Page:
We read and write emails via apps like Gmail and Outlook that are external to cPanel, but in some cases, emails end up clogging the cPanel, too.
cPanel stores sent and received mail as individual text files on the server, within a subdirectory of the account’s home directory. If the volume of emails you send and receive is high, the combined space these files use will soon begin to add up. You can check this figure precisely using cPanel’s Disk Usage function.
This is always the case even if you’re using one of cPanel’s webmail applications which are installed out of the box.
You can access these files via cPanel’s File Manager or FTP, navigate your way down the folder structure from the /mail folder. You’ll notice that each email account will have its own folder and within each, there are sub-folders holding new, current and temporary emails files.
Before you delete them, save them locally as a backup. You’ll be able to upload them again if you wish to. To remove unwanted mail, also consider using the ‘Email Disk Usage’ module in cPanel. This will allow you to programmatically remove mail according to a filter – such as age, status or sender.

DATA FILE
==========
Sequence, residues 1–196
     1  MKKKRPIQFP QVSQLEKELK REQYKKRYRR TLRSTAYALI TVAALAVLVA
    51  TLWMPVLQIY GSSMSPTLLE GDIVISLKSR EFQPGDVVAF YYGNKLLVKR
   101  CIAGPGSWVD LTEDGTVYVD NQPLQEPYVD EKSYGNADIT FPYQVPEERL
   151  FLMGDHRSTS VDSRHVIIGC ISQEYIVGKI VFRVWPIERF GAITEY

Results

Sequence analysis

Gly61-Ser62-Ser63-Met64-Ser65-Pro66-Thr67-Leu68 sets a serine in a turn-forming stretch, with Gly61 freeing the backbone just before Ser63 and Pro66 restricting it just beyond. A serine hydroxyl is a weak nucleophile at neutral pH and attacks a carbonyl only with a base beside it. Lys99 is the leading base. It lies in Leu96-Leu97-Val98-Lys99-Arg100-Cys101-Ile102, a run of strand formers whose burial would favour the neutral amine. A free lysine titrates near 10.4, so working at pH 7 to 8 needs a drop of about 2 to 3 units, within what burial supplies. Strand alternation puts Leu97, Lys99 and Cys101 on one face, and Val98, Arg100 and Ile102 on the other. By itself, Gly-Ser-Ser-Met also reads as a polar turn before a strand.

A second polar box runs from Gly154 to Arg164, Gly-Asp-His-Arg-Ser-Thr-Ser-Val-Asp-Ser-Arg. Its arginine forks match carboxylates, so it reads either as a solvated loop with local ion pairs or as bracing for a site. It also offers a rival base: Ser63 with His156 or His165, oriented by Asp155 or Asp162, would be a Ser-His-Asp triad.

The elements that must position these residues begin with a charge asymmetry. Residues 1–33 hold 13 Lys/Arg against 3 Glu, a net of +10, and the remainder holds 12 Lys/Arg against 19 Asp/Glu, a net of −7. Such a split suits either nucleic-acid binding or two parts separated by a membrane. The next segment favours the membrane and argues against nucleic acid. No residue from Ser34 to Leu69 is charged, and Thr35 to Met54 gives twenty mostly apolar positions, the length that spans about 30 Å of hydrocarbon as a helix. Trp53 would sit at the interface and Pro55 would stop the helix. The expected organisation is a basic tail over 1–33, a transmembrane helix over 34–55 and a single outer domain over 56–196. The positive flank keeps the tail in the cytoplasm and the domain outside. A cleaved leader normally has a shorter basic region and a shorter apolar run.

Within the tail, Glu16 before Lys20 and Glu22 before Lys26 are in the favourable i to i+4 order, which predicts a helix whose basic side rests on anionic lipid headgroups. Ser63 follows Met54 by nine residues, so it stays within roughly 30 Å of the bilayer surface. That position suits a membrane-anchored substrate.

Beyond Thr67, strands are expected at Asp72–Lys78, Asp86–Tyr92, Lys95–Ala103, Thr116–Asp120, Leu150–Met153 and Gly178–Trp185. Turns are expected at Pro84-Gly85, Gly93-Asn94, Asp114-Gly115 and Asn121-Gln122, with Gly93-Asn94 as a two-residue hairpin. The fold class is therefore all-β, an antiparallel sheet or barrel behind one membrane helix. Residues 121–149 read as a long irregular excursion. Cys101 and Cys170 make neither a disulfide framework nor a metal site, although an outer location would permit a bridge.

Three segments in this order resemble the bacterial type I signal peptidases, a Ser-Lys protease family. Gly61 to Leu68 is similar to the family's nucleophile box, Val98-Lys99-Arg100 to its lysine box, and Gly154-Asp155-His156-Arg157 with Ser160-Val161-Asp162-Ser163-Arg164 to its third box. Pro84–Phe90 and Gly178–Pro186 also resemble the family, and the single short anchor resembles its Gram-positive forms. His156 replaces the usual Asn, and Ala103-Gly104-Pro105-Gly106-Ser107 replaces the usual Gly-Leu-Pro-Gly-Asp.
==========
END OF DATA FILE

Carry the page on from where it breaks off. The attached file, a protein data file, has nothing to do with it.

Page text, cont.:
If you’re using Gmail or Outlook, you’ll have copies of the same emails stored on their servers (or locally on your PC if you’re running an email client on it). Unless you’ve deleted them, that is.
How to prevent emails from being saved to your server?
Emails are only saved if you have configured your email clients to ‘leave a copy of the retrieved email on the server’:
Uncheck the box in your settings and no files will be generated on your server.
Should or shouldn’t you keep copies of your email on a server?
It depends. Most people are happy to manage their emails all in one place via third parties, trusting that their data will always be accessible and safe with them.
This approach works best if you rely on professional services such as G Suite Gmail and Outlook on an Office 365 subscription. These services offer more than 30GB storage for your emails and bypass your server completely (which is a good practice too).
Others prefer to have complete control over email and do not rely on any third party at all. They use webmail clients running on a server such as SquirellMail and Horde, which are not as sophisticated and polished as their commercial counterparts but still work perfectly well.
The third scenario is the former approach, but this time, allowing emails to be saved on the server for back up. To make this work best, you’ll need enough storage space in place to handle your email volume and a regular process scheduled to save email files offline and delete them from the server. This process provides a dedicated space for the next batch.